Belfast Telegraph

The Queen: defender of the faith... and a chocoholic

By Alf McCreary

The widespread coverage of the Queen's Diamond Jubilee celebrations has included nearly every aspect of Her Majesty's long and distinguished reign, but little enough has been written about her role as ‘Defender of the Faith’.

This is a historic title first bestowed on an English sovereign in 1521 when Pope Leo X rewarded Henry VIII for his pamphlet condemning Martin Luther. When Henry severed links with the Vatican, Pope Paul III deprived him of the title, but this was restored to the King by Parliament in 1544.

Technically Queen Elizabeth II remains ‘Defender of the Faith’ but this is not an empty title for a woman whose lifestyle has shown a deep and consistent religious commitment.The Queen does so in a non-preachy manner, and she lives out her Christian beliefs.

For example, in her Christmas broadcast in 2010 she went out of her way to praise the historical importance of the upcoming 400th anniversary of the publication of the King James Bible, that glorious and poetic heritage of Biblical scholarship which has given so many everyday expressions to the English language.

In many of her recent Christmas messages she has quietly underlined the importance of the Christian faith to her personally, but in a way in which her subjects can be encouraged to become better people and better citizens.

Throughout her reign she has attended church not only on the major state occasions, including many Royal weddings but almost everywhere she goes, and her Christmas worship at Sandringham each year is part of the fabric of our national society.

She is making a statement that church-going is part of her life, and that she retains great strength from doing so. She has had to face so many crises, not only national and international but also personal, that it seems only natural that she is sustained in her inner life and given strength to face all the considerable challenges that have come her way.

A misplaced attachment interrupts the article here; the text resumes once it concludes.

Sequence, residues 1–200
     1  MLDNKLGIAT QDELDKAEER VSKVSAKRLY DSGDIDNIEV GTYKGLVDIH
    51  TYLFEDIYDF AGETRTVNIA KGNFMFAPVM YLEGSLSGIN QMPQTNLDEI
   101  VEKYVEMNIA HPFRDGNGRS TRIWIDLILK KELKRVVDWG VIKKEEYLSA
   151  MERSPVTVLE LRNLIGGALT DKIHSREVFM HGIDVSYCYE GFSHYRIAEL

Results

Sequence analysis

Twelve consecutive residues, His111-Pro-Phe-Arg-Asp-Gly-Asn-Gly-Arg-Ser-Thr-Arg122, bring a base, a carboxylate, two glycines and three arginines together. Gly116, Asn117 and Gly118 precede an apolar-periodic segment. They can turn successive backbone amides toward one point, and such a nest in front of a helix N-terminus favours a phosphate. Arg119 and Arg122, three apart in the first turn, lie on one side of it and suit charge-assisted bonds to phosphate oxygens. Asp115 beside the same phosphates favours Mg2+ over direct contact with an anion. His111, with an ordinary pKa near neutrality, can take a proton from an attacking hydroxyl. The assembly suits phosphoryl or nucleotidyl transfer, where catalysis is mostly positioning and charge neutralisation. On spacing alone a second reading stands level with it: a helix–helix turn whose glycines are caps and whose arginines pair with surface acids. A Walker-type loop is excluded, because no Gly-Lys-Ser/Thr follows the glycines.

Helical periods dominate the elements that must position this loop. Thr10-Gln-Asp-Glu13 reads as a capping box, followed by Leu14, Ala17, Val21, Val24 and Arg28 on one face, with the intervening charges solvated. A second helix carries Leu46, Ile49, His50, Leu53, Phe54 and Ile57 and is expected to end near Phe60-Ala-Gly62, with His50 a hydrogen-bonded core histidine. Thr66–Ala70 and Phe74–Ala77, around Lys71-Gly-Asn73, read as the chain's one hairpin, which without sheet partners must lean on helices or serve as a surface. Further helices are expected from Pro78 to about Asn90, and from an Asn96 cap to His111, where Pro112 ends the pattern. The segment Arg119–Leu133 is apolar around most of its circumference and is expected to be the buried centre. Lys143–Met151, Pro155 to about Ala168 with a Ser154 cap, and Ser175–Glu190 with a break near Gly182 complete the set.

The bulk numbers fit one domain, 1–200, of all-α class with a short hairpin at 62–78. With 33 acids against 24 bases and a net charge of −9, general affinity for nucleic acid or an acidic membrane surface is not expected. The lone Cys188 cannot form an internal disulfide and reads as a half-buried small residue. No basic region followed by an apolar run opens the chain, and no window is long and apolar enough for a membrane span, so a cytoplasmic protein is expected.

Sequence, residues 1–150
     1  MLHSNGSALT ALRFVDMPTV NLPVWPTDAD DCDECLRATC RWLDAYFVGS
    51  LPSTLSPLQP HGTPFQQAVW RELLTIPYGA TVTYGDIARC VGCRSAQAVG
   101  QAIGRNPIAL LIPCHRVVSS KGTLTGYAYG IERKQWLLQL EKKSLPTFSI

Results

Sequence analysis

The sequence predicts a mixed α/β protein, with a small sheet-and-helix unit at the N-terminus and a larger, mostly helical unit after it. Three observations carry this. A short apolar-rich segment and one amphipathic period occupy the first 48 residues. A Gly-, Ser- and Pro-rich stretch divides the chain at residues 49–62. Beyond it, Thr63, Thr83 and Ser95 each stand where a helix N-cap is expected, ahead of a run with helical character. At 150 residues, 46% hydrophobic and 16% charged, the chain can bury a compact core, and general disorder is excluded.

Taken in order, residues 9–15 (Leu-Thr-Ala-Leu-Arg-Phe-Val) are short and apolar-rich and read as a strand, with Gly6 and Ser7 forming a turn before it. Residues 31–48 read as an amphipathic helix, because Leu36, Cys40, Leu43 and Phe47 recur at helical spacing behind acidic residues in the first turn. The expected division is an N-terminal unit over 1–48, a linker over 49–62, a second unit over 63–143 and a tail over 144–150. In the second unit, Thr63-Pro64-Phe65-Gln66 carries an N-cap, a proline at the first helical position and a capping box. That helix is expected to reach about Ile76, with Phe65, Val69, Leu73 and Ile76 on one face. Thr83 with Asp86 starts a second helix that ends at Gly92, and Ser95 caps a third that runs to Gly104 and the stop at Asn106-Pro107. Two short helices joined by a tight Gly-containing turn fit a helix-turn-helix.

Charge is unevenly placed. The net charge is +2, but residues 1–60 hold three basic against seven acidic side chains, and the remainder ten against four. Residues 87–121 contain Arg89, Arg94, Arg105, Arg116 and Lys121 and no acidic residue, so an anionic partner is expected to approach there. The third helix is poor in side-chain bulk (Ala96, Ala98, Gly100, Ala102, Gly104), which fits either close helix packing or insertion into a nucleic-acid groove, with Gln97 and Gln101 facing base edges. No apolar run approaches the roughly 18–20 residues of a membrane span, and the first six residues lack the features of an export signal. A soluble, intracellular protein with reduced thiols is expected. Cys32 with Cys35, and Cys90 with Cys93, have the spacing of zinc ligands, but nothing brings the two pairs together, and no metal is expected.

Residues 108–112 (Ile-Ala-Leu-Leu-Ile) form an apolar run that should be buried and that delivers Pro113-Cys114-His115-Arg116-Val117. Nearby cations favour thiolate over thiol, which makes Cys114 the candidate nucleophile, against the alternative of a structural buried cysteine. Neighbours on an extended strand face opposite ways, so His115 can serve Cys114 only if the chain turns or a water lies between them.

The Queen is not only ‘Defender of the Faith’ but also in her wide regard for other religions as well as Christianity she is also a ‘defender of the faiths’, something which we in Northern Ireland might take to heart.

During her reign she has seen many Prime Ministers come and go, as well as Archbishops of Canterbury, Popes and countless other church figures. As history unfolds, the Queen remains steadfast in her beliefs and in her example. (She is not perfect, however, and I read recently with amusement that she is a ‘chocoholic’, just like me.)

Seriously, however, her Christian witness is all the more important in an age when the religion is under such attack from secular society. This is demonstrated in different ways, from the mindless banning of Christian jewellery in the workplace to the intellectual onslaught from humanists and atheists, some of whom are becoming as intolerant as the worst of the bigoted Christians they continually criticise.

The Queen, very wisely, has never attempted to counter directly such attacks on Christianity, but she has shown a much more positive way of dealing with these verbal arrows by living a lifestyle which people the world over admire.

She has crossed many denominational boundaries, and this was well-illustrated by her successful state visit to the Irish Republic last year where she won many thousands of admirers from very different backgrounds.

Undoubtedly she feels a sense of divine mission, and she has served her country and its people with unfailing loyalty. In turn she has been recognised rightly for being the remarkable woman she is.

In short she has made the term ‘God save the Queen’ a true blessing on all she has achieved, and she is worthy of the utmost respect.

Belfast Telegraph


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